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The Gold Standard Paradox: BMPEA false positive confirmation for amphetamine in toxicology

March 19 2024

Gold Standard methods

There are methods we use in forensic science that are referred to as “gold standards”. These are best practice; considered to be high quality and at the top of their game. Often these methods are revered to be unquestioned: a positive result from a gold method means confirmed positive (as opposed to the less certain presumptive test or ‘indicated’ positive).

But unlike gold, any method is only as good as what we know at that moment in time. No method is without its limitations and not every limitation can be tested. Over time, “gold” standards become old-fashioned, and are replaced with new, shinier ones.

The possibility of a false positive

The problem with these methods is that, at the time, they are unquestioned. Expectation bias forces a dialogue that anything which comes along to challenge a gold standard result, even a genuine false positive, might be dismissed out of hand because, of course, “the person is lying”.

Testing in toxicology

Which brings us to the modern-day gold standard method: liquid chromatography/ tandem mass spectrometry, or LC-MS/MS. LC-MS/MS has been the backbone of toxicological analysis for over a decade. The liquid-based system can handle a wide range of sample types; the tandem mass-spectrometer allows very high sensitivity, coupled with excellent selectivity, so that low-levels of drugs can be confidently detected in things that have a complicated background, like hair samples, urine or blood.

The drawback with toxicology LC-MS/MS is that, instead of looking at whole chemicals, in toxicology it is configured to look only at how long it takes to get through the instrument (called ‘retention time’) along with very small parts of the molecule. The theory is that parts of two different chemicals can be chosen so that the characteristics of those parts will be different in both time and composition, and the LC-MS/MS will not confuse them. It will always tell them apart.

Generally, this is the case, but somewhere in the world are people who are quite ingenious, and they will look for ways to develop substances that may mimic controlled drugs but are otherwise not covered under the Misuse of Drugs Act. One of these is BMPEA.

What is BMPEA?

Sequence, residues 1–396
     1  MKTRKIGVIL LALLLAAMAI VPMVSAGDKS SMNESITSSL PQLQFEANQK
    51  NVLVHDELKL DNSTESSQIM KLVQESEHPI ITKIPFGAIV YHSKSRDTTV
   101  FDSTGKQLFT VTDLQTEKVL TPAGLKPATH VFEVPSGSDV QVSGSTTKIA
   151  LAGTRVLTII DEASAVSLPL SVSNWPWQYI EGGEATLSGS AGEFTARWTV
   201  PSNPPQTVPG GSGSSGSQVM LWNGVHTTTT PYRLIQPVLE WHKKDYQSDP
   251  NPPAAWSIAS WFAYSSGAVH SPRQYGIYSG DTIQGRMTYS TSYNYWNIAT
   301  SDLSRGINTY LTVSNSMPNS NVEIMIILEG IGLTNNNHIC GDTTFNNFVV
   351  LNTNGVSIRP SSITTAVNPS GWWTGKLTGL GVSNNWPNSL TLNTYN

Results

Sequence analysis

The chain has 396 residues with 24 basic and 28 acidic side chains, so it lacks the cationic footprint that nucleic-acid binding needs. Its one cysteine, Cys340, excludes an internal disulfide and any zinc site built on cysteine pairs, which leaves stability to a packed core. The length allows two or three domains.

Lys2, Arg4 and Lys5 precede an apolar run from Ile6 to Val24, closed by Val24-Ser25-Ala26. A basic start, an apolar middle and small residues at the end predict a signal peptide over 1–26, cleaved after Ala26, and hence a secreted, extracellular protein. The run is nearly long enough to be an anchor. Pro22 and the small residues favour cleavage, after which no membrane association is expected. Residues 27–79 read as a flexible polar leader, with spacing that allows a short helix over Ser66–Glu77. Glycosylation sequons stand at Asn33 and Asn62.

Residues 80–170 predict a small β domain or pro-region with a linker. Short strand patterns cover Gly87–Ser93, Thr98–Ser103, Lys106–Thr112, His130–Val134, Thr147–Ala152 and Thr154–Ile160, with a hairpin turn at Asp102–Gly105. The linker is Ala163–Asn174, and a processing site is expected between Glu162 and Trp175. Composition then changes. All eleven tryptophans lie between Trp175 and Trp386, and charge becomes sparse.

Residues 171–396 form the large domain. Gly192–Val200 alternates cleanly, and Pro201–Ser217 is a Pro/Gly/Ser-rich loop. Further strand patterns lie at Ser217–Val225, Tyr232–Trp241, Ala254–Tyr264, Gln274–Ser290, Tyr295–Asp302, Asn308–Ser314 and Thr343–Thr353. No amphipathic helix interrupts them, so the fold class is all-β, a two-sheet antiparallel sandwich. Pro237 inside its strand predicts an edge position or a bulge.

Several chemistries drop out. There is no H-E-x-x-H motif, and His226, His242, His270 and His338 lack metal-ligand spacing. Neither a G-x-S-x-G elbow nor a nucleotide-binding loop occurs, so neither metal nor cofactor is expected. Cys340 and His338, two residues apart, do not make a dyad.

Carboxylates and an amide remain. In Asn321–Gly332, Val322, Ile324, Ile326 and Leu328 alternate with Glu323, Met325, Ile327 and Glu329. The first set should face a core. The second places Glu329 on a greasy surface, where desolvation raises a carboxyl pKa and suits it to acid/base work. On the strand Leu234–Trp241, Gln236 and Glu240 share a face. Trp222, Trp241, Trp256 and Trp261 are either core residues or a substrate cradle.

BMPEA, or β-methylphenylethylamine is almost identical to α- methylphenylethylamine, which is amphetamine. Not only are they very similar in chemical appearance, but the chemical “parts” making up amphetamine are almost the same as those parts which make up BMPEA. Unless the LC-MS/MS is set-up and tested using both BMPEA and amphetamine to make sure it can tell the difference, the method used might treat them the same. In other words, BMPEA, a non-controlled substance, has the potential to give a false positive for amphetamine using a gold standard method.

Dietary supplements

BMPEA isn’t new. The amphetamine derivative was first synthesised in the 1930s as a potential replacement for amphetamine, but it was then lost in the mists of drug time until around 2013, when it started to appear in some body-building/dietary supplements in the USA. At the time, it was claimed that it was a naturally occurring product in a particular plant species added to the supplement; however, work by the Food and Drug Administration (FDA) did not find it in the plant, the inference being it was added.

Research into this continued over the years, including a few articles specifically recognising that BMPEA can give a false positive for amphetamine even with LC-MS/MS. News articles were written about this in high profile papers such as the New York Times and NBC News. Work was still being undertaken into BMPEA in sports supplements in 2019.

UK testing and screening

BMPEA has started to appear in at least one dietary supplement here in the UK and, if BMPEA is in dietary and sports supplements, it can easily find its way into hair, urine or blood tests for workplace or employment drug screening, section 5a drug driving, and any cases where toxicology samples are needed, such as alleged sexual assaults and death enquiries.

The question is: have the labs adapted their methods to make sure they can distinguish it from amphetamine? The answer will depend on the laboratory but, if in doubt, get in touch and we can review the results on your behalf.


David Schudel

Dr David Schudel
BSc(Hons), PhD, CChem, MRSC, CFI

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